The event marks the first formal meeting between Ethiopia gov’t and Tigray forces since war broke in November 2020.
Delegates of the Ethiopian government and rival Tigray forces have started peace talks in Pretoria, South Africa, the South African government has said, marking the first formal meeting between the two warring sides after nearly two years of bloody conflict.
“The peace talks, which have been convened to find a peaceful and sustainable solution to the devastating conflict in the Tigray region, started today, the 25th of October, and will end on the 30th of October,” Vincent Magwenya, spokesman for President Cyril Ramaphosa told reporters on Tuesday.
South Africa is ready to serve as a host and provide assistance to the peace talks, Magwenya said, adding that the country hoped the talks would lead to lasting peace for the people of Ethiopia.
The talks are being mediated by an African Union team, led by Nigeria’s former president Olusegun Obasanjo, supported by Kenya’s former leader Uhuru Kenyatta and South Africa’s ex-vice president Phumzile Mlambo-Ngcuka.
The conflict began in November 2020 when Ethiopian Prime Minister Abiy Ahmed sent troops into Tigray after accusing the region’s ruling Tigray People’s Liberation Front (TPLF) of attacking federal army camps. Since then, the conflict has killed thousands, displaced millions and left hundreds of thousands on the brink of famine.
The negotiations, which had been delayed earlier this month due to logistical reasons, have been encouraged by the United States. In a statement on Friday Washington said it was committed to continue to participate in the efforts to advance peace in the war-torn Tigray region, and also said it was “deeply concerned” over reports of indiscriminate bombing and killings.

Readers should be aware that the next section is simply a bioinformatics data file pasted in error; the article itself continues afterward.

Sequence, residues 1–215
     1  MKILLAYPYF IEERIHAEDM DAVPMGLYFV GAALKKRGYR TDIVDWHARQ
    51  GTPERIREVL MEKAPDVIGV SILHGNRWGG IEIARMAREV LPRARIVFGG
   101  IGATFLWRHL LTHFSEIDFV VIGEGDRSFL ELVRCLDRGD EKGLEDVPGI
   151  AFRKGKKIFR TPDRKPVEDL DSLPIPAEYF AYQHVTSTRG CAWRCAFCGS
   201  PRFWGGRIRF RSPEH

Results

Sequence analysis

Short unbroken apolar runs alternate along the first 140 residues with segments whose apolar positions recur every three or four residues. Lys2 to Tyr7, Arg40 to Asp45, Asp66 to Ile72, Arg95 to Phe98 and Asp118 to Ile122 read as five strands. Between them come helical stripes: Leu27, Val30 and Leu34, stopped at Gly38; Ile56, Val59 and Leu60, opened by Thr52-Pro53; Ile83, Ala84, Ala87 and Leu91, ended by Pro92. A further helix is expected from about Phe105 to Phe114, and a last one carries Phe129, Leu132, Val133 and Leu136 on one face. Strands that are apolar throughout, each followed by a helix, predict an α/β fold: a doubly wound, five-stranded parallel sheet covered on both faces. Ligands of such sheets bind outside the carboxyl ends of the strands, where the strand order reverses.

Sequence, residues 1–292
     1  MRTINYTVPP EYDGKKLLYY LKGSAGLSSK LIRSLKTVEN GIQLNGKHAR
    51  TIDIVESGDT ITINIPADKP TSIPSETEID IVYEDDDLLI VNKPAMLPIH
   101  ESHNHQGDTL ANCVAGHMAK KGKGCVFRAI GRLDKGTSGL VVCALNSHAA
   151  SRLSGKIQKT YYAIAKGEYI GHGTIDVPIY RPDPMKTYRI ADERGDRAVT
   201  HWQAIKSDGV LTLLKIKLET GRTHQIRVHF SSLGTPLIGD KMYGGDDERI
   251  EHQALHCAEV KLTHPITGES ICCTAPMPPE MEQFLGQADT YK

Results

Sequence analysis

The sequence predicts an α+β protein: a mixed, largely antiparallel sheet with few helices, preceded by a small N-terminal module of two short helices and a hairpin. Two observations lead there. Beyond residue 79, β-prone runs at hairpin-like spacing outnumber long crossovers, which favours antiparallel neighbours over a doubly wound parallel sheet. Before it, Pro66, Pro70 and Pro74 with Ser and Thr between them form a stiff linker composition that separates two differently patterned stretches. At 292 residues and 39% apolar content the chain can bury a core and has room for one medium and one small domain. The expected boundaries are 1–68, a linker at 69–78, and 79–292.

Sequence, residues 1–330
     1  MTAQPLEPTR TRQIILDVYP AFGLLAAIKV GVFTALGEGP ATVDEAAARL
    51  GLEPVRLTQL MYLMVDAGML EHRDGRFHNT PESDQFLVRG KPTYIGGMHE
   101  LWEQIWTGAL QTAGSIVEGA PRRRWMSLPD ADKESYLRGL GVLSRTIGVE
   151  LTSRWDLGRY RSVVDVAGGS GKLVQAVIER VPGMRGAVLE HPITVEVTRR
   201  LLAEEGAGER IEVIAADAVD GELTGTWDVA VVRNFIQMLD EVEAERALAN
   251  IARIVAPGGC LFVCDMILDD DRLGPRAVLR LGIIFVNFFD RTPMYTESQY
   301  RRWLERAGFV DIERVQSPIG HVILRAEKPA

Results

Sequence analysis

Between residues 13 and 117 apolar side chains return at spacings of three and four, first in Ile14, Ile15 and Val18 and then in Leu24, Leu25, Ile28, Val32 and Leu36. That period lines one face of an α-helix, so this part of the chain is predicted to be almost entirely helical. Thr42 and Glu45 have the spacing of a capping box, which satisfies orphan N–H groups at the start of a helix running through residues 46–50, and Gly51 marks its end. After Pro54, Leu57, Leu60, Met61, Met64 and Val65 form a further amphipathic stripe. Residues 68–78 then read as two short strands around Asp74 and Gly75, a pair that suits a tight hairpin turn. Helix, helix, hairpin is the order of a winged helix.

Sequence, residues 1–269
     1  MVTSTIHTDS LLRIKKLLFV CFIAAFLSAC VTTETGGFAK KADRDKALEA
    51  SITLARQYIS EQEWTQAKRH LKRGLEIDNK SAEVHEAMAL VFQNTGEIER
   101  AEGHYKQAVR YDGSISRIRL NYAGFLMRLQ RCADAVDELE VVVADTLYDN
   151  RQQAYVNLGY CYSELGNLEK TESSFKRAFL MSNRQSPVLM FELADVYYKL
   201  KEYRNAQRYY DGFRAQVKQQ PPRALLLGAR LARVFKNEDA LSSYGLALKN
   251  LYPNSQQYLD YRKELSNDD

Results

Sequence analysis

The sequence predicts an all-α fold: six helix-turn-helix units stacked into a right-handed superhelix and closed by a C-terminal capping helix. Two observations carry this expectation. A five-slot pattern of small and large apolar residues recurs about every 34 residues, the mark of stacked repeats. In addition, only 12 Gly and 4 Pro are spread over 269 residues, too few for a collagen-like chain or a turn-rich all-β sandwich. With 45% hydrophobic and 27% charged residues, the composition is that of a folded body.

The start of the talks follows a surge in fighting since a humanitarian truce was broken in August. Last week, the Ethiopian military took control of three towns – Shire, Alamata and Korem – from rebels in Tigray, raising fears that the advancing soldiers will commit abuses against civilians.
A joint investigation last year by the United Nations and Ethiopia’s state-appointed human rights commission found that all sides fighting in the Tigray war had committed violations that might amount to war crimes. Ethiopia’s government said last week that its forces respect human rights.
United Nations High Commissioner for Human Rights Volker Türk warned last week that air attacks in the turbulent region risked seriously exacerbating the already “devastating impact” of hostilities on civilians, a day after UN chief Antonio Guterres said that the war was “spiralling out of control”.